If Japanese Princess Ayako's Sweet Love Story Doesn't Win You Over, Her Wedding Dresses Will
Japan's Princess Ayako has now given up her title to wed longtime love Kei Moriya, who is not of royal descent. Despite the law that says women must give up their ties to and fortune from the imperial family if they choose to marry outside of royalty, Ayako proceeded in her vows when she tied the knot during a ceremony at Tokyo's Meiji Shrine, surrounded by guests of the bride and groom.
Interestingly, despite the difficult decision the couple made, there were so many small details that paid homage to Ayako's heritage and Japanese nobility, mostly in the case of both bridal looks. While Moriya completed his pinstripe pants and long blazer with a silk top hat that belonged to Ayako's father, Ayako's two gowns were keepsakes that date back to Japan's Heian era and have been worn by ancestors.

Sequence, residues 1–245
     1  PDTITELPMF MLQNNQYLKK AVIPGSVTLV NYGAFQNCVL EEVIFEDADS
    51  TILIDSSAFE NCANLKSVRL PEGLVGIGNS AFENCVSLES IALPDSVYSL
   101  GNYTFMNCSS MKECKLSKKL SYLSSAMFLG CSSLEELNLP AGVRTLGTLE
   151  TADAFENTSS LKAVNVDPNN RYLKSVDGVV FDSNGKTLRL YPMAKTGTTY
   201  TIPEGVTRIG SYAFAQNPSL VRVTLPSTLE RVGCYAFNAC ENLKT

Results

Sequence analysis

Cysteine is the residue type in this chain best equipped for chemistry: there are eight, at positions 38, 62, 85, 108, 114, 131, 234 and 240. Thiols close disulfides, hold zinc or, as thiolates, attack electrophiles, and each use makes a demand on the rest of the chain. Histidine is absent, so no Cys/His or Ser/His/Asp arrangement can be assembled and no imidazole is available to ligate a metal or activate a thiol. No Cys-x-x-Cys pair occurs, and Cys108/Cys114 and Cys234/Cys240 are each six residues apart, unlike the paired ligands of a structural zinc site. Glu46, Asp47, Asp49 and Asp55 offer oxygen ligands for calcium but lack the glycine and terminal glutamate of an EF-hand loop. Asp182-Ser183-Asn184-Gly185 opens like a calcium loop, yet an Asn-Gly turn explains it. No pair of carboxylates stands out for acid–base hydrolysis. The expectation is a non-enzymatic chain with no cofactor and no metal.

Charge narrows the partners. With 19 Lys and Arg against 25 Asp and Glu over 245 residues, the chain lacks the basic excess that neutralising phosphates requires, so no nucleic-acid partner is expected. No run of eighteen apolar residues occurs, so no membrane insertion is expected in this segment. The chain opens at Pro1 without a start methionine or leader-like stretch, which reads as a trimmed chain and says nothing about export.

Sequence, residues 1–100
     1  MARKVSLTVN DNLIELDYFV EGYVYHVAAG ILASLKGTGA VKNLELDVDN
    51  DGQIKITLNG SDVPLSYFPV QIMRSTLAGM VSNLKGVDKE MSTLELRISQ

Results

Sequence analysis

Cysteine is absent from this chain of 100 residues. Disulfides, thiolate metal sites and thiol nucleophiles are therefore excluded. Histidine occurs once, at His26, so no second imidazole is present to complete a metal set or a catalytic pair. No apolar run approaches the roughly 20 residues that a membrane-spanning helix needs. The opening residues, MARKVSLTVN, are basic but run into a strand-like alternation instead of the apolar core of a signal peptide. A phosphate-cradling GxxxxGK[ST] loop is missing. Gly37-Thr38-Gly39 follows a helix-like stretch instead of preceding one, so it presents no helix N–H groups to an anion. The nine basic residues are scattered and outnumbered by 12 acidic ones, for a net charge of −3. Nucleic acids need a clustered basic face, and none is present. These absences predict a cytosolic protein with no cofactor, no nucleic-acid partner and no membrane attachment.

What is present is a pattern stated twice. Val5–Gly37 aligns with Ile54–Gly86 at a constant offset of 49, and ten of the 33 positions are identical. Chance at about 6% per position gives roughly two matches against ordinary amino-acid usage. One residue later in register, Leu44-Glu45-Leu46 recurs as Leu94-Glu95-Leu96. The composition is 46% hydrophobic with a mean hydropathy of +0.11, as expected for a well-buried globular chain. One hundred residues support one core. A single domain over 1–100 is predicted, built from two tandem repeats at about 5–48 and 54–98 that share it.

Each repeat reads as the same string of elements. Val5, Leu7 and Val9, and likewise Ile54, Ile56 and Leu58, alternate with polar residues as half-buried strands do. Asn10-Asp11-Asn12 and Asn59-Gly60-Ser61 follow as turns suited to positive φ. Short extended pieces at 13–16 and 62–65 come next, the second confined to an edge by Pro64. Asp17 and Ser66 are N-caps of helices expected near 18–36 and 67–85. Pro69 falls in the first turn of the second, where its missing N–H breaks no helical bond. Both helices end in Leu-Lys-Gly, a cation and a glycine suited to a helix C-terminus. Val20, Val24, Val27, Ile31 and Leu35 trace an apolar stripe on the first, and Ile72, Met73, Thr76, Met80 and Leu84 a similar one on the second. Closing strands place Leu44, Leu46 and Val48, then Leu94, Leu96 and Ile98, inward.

Ayako's first ensemble, an embroidered uchiki kimono, hit just below her knees, so she could show off her purple hakama, a type of trouser that she coordinated with her matching shoes. Once she reached the temple, she changed into a traditional red kouchiki made of silk that cascaded like a waterfall down to the floor.
At a celebratory banquet later on, Ayako's outfit seemed to scream "forever a princess," as the dress's delicate floral appliqué laid so elegantly over a sugar-pink, full-skirted gown. Read on to see photos of Ayako and Moriya enjoying the day with their guests, and zoom in on the miraculous details of their outfits, which will go down in history just like their love story.